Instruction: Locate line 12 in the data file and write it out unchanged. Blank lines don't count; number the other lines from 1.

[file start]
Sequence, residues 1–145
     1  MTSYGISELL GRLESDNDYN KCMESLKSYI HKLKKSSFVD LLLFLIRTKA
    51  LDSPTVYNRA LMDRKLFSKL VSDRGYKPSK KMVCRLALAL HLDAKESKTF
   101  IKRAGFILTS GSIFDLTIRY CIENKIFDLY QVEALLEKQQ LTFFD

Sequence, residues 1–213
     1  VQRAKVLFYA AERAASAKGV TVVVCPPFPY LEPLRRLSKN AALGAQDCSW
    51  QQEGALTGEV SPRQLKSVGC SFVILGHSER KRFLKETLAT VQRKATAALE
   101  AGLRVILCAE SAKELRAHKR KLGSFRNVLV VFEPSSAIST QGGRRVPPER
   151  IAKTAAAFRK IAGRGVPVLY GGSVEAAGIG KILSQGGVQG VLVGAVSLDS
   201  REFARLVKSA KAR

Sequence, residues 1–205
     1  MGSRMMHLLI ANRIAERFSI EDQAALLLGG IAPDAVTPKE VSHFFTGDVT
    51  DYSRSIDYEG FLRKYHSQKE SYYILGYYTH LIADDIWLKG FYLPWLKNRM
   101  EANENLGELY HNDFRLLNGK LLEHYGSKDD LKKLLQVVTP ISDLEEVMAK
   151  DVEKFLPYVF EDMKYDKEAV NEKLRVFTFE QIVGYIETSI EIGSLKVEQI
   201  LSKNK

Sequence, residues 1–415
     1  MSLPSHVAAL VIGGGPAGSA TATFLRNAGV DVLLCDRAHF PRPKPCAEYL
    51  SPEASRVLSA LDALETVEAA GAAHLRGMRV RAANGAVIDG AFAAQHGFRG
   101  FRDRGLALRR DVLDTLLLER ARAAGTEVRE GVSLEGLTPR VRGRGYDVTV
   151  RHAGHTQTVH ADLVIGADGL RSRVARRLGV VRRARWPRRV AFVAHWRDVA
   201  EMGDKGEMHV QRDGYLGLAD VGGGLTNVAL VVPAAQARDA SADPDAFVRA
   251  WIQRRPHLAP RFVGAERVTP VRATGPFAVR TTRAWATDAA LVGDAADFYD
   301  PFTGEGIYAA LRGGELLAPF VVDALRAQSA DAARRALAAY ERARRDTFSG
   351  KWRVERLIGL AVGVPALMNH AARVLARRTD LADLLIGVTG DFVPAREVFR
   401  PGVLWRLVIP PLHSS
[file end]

     1  MGSRMMHLLI ANRIAERFSI EDQAALLLGG IAPDAVTPKE VSHFFTGDVT